Thin-film electronics intimately laminated onto the skin imperceptibly equip the human body with electronic components for health-monitoring and information technologies. When electronic devices are worn, the mechanical flexibility and/or stretchability of thin-film devices helps to minimize the stress and discomfort associated with wear because of their conformability and softness. For industrial applications, it is important to fabricate wearable devices using processing methods that maximize throughput and minimize cost. We demonstrate ultraflexible and conformable three-color, highly efficient polymer light-emitting diodes (PLEDs) and organic photodetectors (OPDs) to realize optoelectronic skins (oe-skins) that introduce multiple electronic functionalities such as sensing and displays on the surface of human skin. The total thickness of the devices, including the substrate and encapsulation layer, is only 3 μm, which is one order of magnitude thinner than the epidermal layer of human skin. By integrating green and red PLEDs with OPDs, we fabricate an ultraflexible reflective pulse oximeter. The device unobtrusively measures the oxygen concentration of blood when laminated on a finger. On-skin seven-segment digital displays and color indicators can visualize data directly on the body. PMID:27152354

  11. Ultraflexible organic photonic skin.

    PubMed

    Yokota, Tomoyuki; Zalar, Peter; Kaltenbrunner, Martin; Jinno, Hiroaki; Matsuhisa, Naoji; Kitanosako, Hiroki; Tachibana, Yutaro; Yukita, Wakako; Koizumi, Mari; Someya, Takao

    2016-04-01

    Thin-film electronics intimately laminated onto the skin imperceptibly equip the human body with electronic components for health-monitoring and information technologies. When electronic devices are worn, the mechanical flexibility and/or stretchability of thin-film devices helps to minimize the stress and discomfort associated with wear because of their conformability and softness. For industrial applications, it is important to fabricate wearable devices using processing methods that maximize throughput and minimize cost. We demonstrate ultraflexible and conformable three-color, highly efficient polymer light-emitting diodes (PLEDs) and organic photodetectors (OPDs) to realize optoelectronic skins (oe-skins) that introduce multiple electronic functionalities such as sensing and displays on the surface of human skin. The total thickness of the devices, including the substrate and encapsulation layer, is only 3 μm, which is one order of magnitude thinner than the epidermal layer of human skin. By integrating green and red PLEDs with OPDs, we fabricate an ultraflexible reflective pulse oximeter. The device unobtrusively measures the oxygen concentration of blood when laminated on a finger. On-skin seven-segment digital displays and color indicators can visualize data directly on the body.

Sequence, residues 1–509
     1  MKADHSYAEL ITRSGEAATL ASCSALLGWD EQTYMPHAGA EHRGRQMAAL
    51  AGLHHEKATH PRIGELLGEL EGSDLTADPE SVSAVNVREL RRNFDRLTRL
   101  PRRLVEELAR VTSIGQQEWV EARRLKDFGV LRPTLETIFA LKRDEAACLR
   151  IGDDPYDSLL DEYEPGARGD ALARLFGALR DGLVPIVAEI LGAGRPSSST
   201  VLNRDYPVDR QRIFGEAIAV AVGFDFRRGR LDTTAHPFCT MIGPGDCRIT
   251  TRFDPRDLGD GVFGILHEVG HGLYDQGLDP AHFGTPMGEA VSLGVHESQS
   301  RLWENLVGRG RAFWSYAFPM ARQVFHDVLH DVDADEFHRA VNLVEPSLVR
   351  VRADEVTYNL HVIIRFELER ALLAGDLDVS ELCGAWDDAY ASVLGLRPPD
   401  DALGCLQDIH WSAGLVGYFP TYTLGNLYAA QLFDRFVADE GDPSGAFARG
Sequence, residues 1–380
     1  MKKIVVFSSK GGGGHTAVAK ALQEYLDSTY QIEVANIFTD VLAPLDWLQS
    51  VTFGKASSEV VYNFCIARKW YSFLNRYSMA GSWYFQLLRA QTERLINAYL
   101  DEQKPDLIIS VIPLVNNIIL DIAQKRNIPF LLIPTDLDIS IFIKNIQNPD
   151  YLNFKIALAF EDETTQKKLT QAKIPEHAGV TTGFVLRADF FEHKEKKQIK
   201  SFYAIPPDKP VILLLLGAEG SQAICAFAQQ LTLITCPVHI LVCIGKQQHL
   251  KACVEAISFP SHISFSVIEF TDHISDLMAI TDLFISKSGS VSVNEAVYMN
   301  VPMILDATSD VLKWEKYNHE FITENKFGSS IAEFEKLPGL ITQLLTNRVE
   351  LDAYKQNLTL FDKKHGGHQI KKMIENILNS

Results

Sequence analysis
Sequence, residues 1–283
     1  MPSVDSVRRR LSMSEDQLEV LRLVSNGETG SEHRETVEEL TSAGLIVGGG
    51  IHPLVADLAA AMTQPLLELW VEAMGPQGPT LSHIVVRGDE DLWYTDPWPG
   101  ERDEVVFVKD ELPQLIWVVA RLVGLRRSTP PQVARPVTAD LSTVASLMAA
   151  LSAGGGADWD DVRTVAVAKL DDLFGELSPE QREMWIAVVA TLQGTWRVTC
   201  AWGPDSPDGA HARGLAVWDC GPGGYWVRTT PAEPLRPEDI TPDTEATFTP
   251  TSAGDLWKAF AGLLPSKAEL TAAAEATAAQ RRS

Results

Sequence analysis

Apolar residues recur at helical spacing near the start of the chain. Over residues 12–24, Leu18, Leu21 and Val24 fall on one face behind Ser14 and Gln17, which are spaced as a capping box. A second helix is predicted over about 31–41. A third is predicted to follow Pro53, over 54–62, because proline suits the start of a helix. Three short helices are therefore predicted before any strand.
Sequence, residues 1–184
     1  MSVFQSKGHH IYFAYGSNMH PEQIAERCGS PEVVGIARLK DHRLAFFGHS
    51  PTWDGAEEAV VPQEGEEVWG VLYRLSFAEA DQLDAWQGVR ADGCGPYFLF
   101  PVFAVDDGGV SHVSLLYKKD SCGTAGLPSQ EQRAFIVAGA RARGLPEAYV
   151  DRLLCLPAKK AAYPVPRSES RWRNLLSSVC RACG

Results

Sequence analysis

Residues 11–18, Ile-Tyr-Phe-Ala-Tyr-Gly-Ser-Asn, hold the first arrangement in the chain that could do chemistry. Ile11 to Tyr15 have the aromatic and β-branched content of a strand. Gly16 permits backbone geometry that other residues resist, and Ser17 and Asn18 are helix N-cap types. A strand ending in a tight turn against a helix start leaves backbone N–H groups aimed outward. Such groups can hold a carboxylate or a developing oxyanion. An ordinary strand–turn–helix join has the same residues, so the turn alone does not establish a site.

12. Ultraflexible organic photonic skin

    PubMed Central

    Yokota, Tomoyuki; Zalar, Peter; Kaltenbrunner, Martin; Jinno, Hiroaki; Matsuhisa, Naoji; Kitanosako, Hiroki; Tachibana, Yutaro; Yukita, Wakako; Koizumi, Mari; Someya, Takao

    2016-01-01

    Thin-film electronics intimately laminated onto the skin imperceptibly equip the human body with electronic components for health-monitoring and information technologies. When electronic devices are worn, the mechanical flexibility and/or stretchability of thin-film devices helps to minimize the stress and discomfort associated with wear because of their conformability and softness. For industrial applications, it is important to fabricate wearable devices using processing methods that maximize throughput and minimize cost. We demonstrate ultraflexible and conformable three-color, highly efficient polymer light-emitting diodes (PLEDs) and organic photodetectors (OPDs) to realize optoelectronic skins (oe-skins) that introduce multiple electronic functionalities such as sensing and displays on the surface of human skin. The total thickness of the devices, including the substrate and encapsulation layer, is only 3 μm, which is one order of magnitude thinner than the epidermal layer of human skin. By integrating green and red PLEDs with OPDs, we fabricate an ultraflexible reflective pulse oximeter. The device unobtrusively measures the oxygen concentration of blood when laminated on a finger. On-skin seven-segment digital displays and color indicators can visualize data directly on the body. PMID:27152354

  13. Understanding Colorism and How It Relates to Sport and Physical Education

    ERIC Educational Resources Information Center

    Forster-Scott, Latisha

    2011-01-01

    Discrimination based on gradations of skin color can occur within and between racial or ethnic groups, including blacks, Latinos, and Asians. Lighter skin and Caucasian features tend to be viewed more positively than darker-skin qualities. Where a person of color falls along the "color line" may affect his or her social status, employment…

  14. Color shifts at different viewing eccentricities on flat-panel rear projection displays in steps of perceptibility threshold units

    NASA Astrophysics Data System (ADS)

    Ramamurthy, Mahalakshmi; Hovis, Jeffery; Zsivanov, Delia; Lakshminarayanan, Vasudevan

    2013-08-01